Assistant Professor Zarek Brot-Goldberg

A new working paper examining the impacts from restrictions on brand name prescription drug coverage in Medicare programs reveals that “prior authorization” policies generate savings for Medicare that exceed the administrative costs they create.

The new paper from Harris Assistant Professor Zarek Brot-Goldberg and coauthors Samantha Burn, Timothy Layton, and Boris Vabson of Harvard University finds that these policies save $95.88 per beneficiary in drug spending, contradicting the typical characterization of administrative healthcare costs as wasteful.

“We can’t just infer waste based on the presence of administrative costs as bureaucracy may be there for a reason,” Brot-Goldberg said. “This study starts to shed important light on the effects of the half of the overall US healthcare administrative effort that is spent on activities that aim to reduce health care utilization and spending.”

The scholars’ findings provide a fresh perspective on a key issue in the privately-administered, but federally-regulated, health insurance marketplace, which has come under scrutiny in part due to a recent campaign by the American Medical Association.  The campaign claims patient deaths could be caused by prior authorization, a practice where patients can only receive insurance coverage for certain drugs – typically high-cost, niche, on-patent drugs – if they receive explicit authorization from their medical provider.

If not granted prior authorization, a patient must pay the full cost of the drug out-of-pocket or find an alternative medication, which the new study shows that many beneficiaries do. These policies aim to restrict access to costly drugs to only those patients for whom those drugs are deemed critical.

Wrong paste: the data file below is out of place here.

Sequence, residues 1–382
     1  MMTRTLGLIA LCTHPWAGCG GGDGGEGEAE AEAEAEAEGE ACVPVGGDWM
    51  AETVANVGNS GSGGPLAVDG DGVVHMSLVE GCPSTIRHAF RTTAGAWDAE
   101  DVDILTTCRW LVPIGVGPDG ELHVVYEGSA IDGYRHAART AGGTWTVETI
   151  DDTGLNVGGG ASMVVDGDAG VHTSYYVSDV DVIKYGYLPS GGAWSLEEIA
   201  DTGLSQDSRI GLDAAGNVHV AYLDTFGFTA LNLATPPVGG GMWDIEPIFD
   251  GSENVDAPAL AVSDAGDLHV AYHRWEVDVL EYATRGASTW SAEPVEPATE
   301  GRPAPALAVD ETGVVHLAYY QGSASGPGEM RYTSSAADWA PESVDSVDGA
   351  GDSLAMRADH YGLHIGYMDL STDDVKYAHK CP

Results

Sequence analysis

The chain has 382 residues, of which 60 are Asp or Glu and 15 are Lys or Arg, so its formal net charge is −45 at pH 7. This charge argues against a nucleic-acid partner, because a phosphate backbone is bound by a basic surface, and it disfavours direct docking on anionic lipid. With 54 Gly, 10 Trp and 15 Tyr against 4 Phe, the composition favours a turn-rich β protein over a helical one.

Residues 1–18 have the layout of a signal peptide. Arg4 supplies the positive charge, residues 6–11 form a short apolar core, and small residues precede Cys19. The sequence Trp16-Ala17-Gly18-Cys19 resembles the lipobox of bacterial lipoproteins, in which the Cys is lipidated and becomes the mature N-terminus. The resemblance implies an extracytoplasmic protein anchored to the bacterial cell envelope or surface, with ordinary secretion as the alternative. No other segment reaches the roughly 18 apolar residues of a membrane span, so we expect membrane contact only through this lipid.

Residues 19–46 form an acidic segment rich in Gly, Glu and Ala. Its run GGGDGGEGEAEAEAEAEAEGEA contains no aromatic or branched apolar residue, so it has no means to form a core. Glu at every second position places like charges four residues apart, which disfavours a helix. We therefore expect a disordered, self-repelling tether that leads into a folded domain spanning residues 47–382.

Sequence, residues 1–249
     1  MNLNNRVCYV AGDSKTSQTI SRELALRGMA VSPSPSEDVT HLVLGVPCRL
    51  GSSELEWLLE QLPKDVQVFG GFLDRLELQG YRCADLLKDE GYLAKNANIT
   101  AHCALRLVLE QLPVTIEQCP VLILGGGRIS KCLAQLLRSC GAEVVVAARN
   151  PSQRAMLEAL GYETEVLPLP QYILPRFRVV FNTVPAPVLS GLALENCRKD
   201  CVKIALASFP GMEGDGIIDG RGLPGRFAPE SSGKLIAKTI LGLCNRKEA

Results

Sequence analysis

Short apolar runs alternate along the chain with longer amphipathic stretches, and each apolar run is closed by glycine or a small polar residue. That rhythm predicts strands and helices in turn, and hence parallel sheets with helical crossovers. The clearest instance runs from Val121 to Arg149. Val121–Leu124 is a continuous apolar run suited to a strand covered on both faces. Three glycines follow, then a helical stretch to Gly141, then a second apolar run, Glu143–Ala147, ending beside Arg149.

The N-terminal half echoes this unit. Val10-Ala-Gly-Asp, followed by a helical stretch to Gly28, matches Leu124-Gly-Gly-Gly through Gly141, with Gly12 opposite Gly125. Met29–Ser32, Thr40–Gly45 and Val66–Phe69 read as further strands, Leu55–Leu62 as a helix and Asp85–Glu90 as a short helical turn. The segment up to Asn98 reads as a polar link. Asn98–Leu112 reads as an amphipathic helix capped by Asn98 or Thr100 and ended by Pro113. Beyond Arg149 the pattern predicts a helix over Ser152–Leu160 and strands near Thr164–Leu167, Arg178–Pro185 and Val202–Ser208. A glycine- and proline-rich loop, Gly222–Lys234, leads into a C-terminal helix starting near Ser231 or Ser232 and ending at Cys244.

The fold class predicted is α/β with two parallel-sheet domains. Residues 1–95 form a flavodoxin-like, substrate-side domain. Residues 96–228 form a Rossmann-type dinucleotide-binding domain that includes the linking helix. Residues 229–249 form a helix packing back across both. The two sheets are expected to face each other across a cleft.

doctor prescribing medication
Spending would be about 3% higher without prior authorization

The new study, “Rationing Medicine Through Bureaucracy: Authorization Restrictions in Medicare,” focuses on Low-Income Subsidy (LIS) program beneficiaries in Medicare Part D, where prior authorization is effectively randomized because recipients are, by default, enrolled in randomly assigned drug plans, a subject Brot-Goldberg has studied in previous research.

Using data from 2007 to 2015, the researchers compare the use of medications by LIS beneficiaries assigned to a plan that put a prior authorization restriction on a drug against those assigned to a plan that did not.

Some of the key takeaways of the study were:

  • Beneficiaries who randomly faced prior authorization restrictions for a drug were 26.8% less likely to fill a prescription for that drug in the following year
  • Of patients who shifted away from a drug due to prior authorization, about half utilize a therapeutic substitute while the other half substitute to no drug
  • Spending on restricted drugs is reduced by $111.57
  • Spending on cheaper, substitute drugs increased by $15.69
  • Spending would be about 3% higher without prior authorization
    graph showing differences

“While it’s clear that there are important cost savings from prior authorization, it remains unclear if it causes undue harm to those patients who chose no substitute medication,” Brot-Goldberg explained, adding that there is not enough data to estimate how prior authorization affects health outcomes like patient mortality.

The researchers’ model does suggest, however, that patients may value the foregone drugs less than the cost savings to plans.

“While prior authorization appears to be an effective policy as used in practice, this does not imply that it would be an effective policy if implemented more widely,” the authors write. “An expansion of authorization restrictions to other drugs, especially those with many users and low prices, could easily be inefficient, generating substantial administrative burden for little value.”